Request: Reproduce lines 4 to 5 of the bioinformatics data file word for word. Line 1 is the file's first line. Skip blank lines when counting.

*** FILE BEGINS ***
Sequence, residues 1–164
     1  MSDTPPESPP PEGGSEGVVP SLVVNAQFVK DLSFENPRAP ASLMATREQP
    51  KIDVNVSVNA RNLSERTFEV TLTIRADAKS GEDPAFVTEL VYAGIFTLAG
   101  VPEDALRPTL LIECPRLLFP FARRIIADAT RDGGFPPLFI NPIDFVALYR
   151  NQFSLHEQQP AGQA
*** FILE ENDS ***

   101  VPEDALRPTL LIECPRLLFP FARRIIADAT RDGGFPPLFI NPIDFVALYR
   151  NQFSLHEQQP AGQA